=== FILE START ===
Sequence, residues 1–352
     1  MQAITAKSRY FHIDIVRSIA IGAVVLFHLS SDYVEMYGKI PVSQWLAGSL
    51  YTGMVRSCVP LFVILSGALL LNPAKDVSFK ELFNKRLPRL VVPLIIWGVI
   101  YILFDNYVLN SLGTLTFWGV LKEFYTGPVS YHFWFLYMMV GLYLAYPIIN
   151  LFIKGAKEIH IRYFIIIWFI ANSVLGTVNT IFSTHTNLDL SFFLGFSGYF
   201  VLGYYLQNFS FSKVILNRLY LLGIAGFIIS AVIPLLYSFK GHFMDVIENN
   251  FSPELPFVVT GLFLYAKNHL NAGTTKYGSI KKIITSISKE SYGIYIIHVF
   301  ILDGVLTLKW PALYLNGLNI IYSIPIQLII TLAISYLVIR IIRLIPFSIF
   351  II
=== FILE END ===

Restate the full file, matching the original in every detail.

Sequence, residues 1–352
     1  MQAITAKSRY FHIDIVRSIA IGAVVLFHLS SDYVEMYGKI PVSQWLAGSL
    51  YTGMVRSCVP LFVILSGALL LNPAKDVSFK ELFNKRLPRL VVPLIIWGVI
   101  YILFDNYVLN SLGTLTFWGV LKEFYTGPVS YHFWFLYMMV GLYLAYPIIN
   151  LFIKGAKEIH IRYFIIIWFI ANSVLGTVNT IFSTHTNLDL SFFLGFSGYF
   201  VLGYYLQNFS FSKVILNRLY LLGIAGFIIS AVIPLLYSFK GHFMDVIENN
   251  FSPELPFVVT GLFLYAKNHL NAGTTKYGSI KKIITSISKE SYGIYIIHVF
   301  ILDGVLTLKW PALYLNGLNI IYSIPIQLII TLAISYLVIR IIRLIPFSIF
   351  II